If your arbitrary person just happened to be an experienced blacksmith, steam engine hobbyist and part time shipwright, taking his tools to a world that already had a reasonable knowledge of mining for ore and coal, then yes, he could encourage some progress at a local level. Possibly even to the point of triggering an industrial revolution if he's really good. Okay he's an extreme case but it's just a hint of what would be required to have an effect.

If your arbitrary person is just an ordinary Joe, then you're hiding to nothing. He's going to struggle just to survive.

The vast majority of modern people have a completely useless set of skills for such a world, and not enough knowledge of basic machinery or metallurgy to reproduce anything.

To go into a world like that you start by needing one of the major mobile skills of the period, Stonemason or Blacksmith, or something completely unexpected such as plumbing.

Can you imagine a plumber in a medieaval world? Fitting running water and central heating to a castle could change the world, even if you had to power the pumps with peasants.

These are the skills that will allow you to get a foothold to work from within the world. Everyone needs tools, (everyone needs weapons?) everyone needs horseshoes (normally), everyone needs kitchen knives, pots and pans. The blacksmith is the heart of a village. Kings and lords need houses and castles, but the work has to be done in the place the castle is wanted, the allows stonemasons (the original Freemasons) to move around much more freely than normal peasants (especially serfs).

A blacksmith with the knowledge to build a steam engine is the one man who can change a medieaval world most effectively. It's going to be pretty hard for anyone else.


The presence of different races does not actually make a large change to things. It's not really any different to human societies where some people are stronger, some people better educated, some people have access to wealth and privilege, etc.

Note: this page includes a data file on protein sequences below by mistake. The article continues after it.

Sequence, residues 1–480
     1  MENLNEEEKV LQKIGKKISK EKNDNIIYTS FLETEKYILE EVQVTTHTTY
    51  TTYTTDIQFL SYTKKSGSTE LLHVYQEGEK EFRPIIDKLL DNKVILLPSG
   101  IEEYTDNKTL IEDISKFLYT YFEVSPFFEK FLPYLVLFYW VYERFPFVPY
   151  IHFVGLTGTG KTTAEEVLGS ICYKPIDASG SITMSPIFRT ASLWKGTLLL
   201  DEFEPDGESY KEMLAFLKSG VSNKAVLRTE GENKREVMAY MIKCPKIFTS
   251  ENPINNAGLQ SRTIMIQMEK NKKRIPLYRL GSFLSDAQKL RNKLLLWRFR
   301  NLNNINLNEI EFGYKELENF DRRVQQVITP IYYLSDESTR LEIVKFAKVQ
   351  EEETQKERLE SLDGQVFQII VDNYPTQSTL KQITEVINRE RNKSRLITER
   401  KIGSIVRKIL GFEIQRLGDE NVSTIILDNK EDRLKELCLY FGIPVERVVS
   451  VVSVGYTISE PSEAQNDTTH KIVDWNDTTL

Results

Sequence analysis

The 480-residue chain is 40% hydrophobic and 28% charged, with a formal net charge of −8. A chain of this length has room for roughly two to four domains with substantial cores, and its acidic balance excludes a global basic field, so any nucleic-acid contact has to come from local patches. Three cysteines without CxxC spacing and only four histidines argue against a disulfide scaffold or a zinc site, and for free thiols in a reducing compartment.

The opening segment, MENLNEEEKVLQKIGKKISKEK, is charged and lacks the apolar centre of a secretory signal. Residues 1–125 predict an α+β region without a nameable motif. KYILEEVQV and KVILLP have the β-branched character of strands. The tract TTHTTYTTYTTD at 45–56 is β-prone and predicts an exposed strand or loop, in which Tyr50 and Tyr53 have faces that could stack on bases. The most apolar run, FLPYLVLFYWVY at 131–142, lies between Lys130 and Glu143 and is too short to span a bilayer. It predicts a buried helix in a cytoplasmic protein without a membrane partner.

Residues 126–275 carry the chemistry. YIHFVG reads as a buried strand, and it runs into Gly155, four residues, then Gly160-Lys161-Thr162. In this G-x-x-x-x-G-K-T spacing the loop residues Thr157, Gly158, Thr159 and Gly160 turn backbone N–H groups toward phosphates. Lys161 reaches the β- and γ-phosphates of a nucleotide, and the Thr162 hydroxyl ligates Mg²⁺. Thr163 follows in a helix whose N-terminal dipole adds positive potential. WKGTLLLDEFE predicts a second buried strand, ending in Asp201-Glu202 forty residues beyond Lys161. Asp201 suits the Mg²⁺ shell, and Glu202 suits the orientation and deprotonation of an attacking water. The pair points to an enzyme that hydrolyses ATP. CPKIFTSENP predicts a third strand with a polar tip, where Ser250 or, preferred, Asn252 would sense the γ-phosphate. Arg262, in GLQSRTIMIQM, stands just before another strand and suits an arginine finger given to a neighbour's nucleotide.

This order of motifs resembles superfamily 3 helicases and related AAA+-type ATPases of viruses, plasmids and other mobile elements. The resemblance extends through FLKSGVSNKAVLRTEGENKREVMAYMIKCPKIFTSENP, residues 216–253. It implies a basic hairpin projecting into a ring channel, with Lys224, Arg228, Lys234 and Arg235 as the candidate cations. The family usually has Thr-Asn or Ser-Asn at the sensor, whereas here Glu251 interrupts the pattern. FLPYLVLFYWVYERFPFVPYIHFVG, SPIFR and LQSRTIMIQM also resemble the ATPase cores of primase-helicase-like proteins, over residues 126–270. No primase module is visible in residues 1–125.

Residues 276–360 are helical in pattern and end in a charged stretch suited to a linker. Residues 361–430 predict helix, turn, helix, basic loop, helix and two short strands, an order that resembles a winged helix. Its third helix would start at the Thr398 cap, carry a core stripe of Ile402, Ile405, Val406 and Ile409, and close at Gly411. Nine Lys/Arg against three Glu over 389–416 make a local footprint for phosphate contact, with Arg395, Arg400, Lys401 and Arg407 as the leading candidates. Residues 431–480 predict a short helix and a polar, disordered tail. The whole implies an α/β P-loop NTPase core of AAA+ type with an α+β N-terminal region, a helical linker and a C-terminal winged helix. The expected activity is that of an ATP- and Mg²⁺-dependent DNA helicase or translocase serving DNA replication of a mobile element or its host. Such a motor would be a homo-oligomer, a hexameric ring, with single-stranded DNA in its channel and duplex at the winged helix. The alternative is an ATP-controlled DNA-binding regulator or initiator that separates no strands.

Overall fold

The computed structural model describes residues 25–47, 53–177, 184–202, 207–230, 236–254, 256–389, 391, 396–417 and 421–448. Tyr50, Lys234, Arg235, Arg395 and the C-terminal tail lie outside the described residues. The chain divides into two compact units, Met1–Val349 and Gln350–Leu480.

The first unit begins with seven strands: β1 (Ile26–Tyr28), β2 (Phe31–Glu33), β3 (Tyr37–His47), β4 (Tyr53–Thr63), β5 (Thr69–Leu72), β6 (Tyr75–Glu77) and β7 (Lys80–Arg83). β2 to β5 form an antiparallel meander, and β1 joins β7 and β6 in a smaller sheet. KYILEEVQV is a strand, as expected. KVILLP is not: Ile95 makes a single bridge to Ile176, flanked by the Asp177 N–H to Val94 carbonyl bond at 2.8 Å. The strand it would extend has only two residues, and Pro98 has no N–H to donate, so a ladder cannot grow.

It's the same differences but exaggerated, and they will have the same effects on people but exaggerated.

If you can come up with a viable way for a human to do what you are suggesting in a human medieval society then you can take the same techniques to this world and the only thing that will change is the flavour.

  • $\begingroup$ I'm not so sure about that. The concept holds true when referring to societal relationships, but the actual physical constraints are still a major blockade. $\endgroup$ Feb 22, 2016 at 11:05

Joe might well get started by selling the contents of his pack, but he is in trouble after that if he doesn't start adapting. He may want to change the world, but a few things need to be there before he can.

Your average Joe, needs a decent grounding in history, and a huge backlog of trivial knowledge to make a significant impact. Anyone in a first world country is likely to have gone through enough schooling to meet the basics and will be better educated than the vast majority of the people (they are sentient animals, so they are people) he is likely to meet. He is also going to need powers of persuasion in addition to any other skills he may be granted due to the power of narrative convenience.

How does this help? If Average Joe was a little bit of a history buff, he might use some of his knowledge of history to see where the tech level is and then lay plans for the next step. Are the peasants grinding stuff by hand? Maybe help them develop a simple water wheel powered mill. or even a wind mill. Harsh winters? get with the smith to start making some Franklin pot bellied stoves. Keeping your community warm and fed gains trust and then you can get into...Plumbing, and other concepts. Three field crop rotation, if it isn't already there. Fertilizers and such.

You will note that I am not even touching on weapons. There is a reason for this. Who are you going to trust the judgement of, the guy who claims to make a better sword, or the guy who can help you keep your house warm in a harsh winter? This is why persuasive skills are necessary, you need to get your fellow townspeople to try your crazy ideas.

Make your guy enough of an off-the-grid-living kind of guy he can even get into things like rocket stove design and high thermal mass heaters.

If your Average Joe can start alleviating some of the survival pressures on his community, he will leave the smith with time to make better metals, for other types to be able to get creative in their own areas of expertise. It's a long term solution that will take longer than joe will survive.

The second part, as Joe gets older, he may want to start teaching the young of the community. Paper may be hard to come by, but a slate and some chalk can go a long way. Teach the kids some math, some history, and teach them the value of the scientific method.